There seems to be a ‘Food Chain’ in football, which sort of measures like this:

Champions League    –    Europa League/Mid-sized European Teams   –   Smaller European Teams

When a player is pinched from a Mid-sized team by a big team, the smaller teams really suffer. Look at Feyenoord. Arsenal purchased Debuchy from Newcastle, they in turn got Janmaat. Liverpool purchased Lambert, Southampton took Pelle. Man City are set to sign Mangala, Porto have signed Martins Indi. Stefan De Vrij looks set to leave the Rotterdam club too. If Vilhena or Boetius leave, they will be distraught – they even lost their manager too!

PSG and Man City were both guilty of breaching the FFP rules, and have still signed multiple players for fee’s upwards of £30m, or £50m in the case of David Luiz to PSG. These fines are petty, meaningless cash – a mere slap on the wrists. To compare it to modern day crime, it would be like a drunk bloke spending the night in a cell, and being released in the morning with a policeman saying “Now, don’t do it again”. If they were kicked out for a season, the court cases would be endless. But UEFA wouldn’t dare do that, because they are afraid.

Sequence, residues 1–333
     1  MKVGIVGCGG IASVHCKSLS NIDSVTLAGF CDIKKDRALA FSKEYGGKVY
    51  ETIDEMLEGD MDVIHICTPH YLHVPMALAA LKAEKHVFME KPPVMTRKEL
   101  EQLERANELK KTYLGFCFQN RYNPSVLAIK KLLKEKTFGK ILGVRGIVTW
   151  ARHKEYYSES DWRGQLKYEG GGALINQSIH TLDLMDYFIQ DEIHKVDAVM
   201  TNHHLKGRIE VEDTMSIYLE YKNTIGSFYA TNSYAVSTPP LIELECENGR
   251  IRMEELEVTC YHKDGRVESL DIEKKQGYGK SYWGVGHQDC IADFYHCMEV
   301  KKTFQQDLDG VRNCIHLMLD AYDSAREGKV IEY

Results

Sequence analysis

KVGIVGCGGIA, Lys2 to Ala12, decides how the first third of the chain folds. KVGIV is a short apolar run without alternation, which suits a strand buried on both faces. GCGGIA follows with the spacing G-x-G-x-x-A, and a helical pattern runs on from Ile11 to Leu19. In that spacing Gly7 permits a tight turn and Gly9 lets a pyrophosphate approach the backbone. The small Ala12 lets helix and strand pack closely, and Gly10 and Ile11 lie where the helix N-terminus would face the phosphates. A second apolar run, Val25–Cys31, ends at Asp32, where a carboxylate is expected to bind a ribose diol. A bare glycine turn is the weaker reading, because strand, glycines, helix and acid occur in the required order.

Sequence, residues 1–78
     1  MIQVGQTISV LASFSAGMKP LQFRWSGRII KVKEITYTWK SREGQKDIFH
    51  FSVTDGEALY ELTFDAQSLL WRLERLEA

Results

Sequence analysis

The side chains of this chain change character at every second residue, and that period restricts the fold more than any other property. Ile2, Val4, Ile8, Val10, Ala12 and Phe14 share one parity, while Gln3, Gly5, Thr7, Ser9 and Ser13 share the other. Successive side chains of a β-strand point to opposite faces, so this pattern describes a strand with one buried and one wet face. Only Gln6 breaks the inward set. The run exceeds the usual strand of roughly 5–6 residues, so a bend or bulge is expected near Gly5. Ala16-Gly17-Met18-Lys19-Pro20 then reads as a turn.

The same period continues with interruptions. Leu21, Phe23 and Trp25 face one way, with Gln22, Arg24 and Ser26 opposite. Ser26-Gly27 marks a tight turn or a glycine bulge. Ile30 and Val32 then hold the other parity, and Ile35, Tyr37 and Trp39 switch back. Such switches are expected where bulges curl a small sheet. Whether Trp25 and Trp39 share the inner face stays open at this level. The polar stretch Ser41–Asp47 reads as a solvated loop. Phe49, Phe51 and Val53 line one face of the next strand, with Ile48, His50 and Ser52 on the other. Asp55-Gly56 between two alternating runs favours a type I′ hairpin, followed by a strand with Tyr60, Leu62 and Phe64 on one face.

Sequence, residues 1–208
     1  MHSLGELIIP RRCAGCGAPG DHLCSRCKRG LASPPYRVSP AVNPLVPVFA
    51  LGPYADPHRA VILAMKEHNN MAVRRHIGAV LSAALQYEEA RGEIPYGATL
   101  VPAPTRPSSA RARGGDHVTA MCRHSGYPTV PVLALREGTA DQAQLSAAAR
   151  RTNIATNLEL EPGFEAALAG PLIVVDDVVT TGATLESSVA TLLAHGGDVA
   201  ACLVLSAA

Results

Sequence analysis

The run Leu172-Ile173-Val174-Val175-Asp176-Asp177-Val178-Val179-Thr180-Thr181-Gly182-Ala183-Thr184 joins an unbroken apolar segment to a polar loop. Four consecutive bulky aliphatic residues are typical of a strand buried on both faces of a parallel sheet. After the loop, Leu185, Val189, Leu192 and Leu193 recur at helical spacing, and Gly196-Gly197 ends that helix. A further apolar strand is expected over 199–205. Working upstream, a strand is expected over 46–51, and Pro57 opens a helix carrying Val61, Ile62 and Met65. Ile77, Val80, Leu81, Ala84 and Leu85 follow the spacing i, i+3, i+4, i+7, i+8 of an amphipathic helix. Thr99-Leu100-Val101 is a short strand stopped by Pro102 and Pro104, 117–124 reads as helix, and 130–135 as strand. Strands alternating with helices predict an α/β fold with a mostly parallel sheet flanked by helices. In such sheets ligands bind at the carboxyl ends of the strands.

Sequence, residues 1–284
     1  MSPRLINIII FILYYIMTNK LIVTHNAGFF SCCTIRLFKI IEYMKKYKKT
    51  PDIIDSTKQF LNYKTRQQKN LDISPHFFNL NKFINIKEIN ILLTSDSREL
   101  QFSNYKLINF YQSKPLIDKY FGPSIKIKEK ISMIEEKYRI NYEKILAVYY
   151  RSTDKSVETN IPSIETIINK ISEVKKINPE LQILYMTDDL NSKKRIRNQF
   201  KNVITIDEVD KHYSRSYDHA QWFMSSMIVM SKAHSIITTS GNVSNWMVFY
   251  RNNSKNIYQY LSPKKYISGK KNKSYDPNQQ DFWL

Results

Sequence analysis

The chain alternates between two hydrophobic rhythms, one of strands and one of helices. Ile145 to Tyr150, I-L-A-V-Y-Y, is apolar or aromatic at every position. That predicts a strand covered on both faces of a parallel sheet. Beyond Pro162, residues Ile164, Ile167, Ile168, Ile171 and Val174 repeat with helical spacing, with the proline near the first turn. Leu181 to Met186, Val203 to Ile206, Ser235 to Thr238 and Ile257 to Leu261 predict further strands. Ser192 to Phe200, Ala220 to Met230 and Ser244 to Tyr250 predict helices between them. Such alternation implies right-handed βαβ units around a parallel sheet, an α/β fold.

The problem is UEFA, they have created a system that gives all the power to the big teams. They make more money, therefore they can spend more money. The smaller teams are left with a pile of cash but replacing the likes of who Southampton and Feyenoord have lost is very hard even with millions in the bank. Just like back in the days of the Aristocrats, the Bourgeoisie, and the poor…a system is in place in the footballing world that keeps the rich wealthy and happy, and the poor picking up the scraps, making deal as best they can.


Anyone who thinks UEFA brought in the FFP rules to stop teams going bust, or spending beyond their means are wide of the mark, wider than the famous Steve Harmison ball in the Ashes. It’s there so teams like Southampton, who have an amazing youth setup, cannot possibly keep their players and compete, because the big boys will simply outspend them, or better still rob them of their best players. Ambitious players want to play in the Champions League, and baring a miracle nobody can stop the current crop. They are too scared to upset any of the massive teams!